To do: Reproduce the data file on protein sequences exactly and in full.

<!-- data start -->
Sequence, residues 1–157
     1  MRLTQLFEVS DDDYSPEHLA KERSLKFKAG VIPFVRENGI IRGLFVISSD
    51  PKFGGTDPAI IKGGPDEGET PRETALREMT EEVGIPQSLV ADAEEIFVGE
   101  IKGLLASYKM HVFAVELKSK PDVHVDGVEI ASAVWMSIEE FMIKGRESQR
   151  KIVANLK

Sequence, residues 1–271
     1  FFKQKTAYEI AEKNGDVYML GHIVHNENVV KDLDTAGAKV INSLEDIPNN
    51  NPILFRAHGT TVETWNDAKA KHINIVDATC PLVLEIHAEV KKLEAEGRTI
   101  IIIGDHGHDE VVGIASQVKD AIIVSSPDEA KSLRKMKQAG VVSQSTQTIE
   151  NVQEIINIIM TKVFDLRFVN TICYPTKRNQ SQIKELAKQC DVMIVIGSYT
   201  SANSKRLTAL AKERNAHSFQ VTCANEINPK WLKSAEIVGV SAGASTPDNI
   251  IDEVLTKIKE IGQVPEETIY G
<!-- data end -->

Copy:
Sequence, residues 1–157
     1  MRLTQLFEVS DDDYSPEHLA KERSLKFKAG VIPFVRENGI IRGLFVISSD
    51  PKFGGTDPAI IKGGPDEGET PRETALREMT EEVGIPQSLV ADAEEIFVGE
   101  IKGLLASYKM HVFAVELKSK PDVHVDGVEI ASAVWMSIEE FMIKGRESQR
   151  KIVANLK

Sequence, residues 1–271
     1  FFKQKTAYEI AEKNGDVYML GHIVHNENVV KDLDTAGAKV INSLEDIPNN
    51  NPILFRAHGT TVETWNDAKA KHINIVDATC PLVLEIHAEV KKLEAEGRTI
   101  IIIGDHGHDE VVGIASQVKD AIIVSSPDEA KSLRKMKQAG VVSQSTQTIE
   151  NVQEIINIIM TKVFDLRFVN TICYPTKRNQ SQIKELAKQC DVMIVIGSYT
   201  SANSKRLTAL AKERNAHSFQ VTCANEINPK WLKSAEIVGV SAGASTPDNI
   251  IDEVLTKIKE IGQVPEETIY G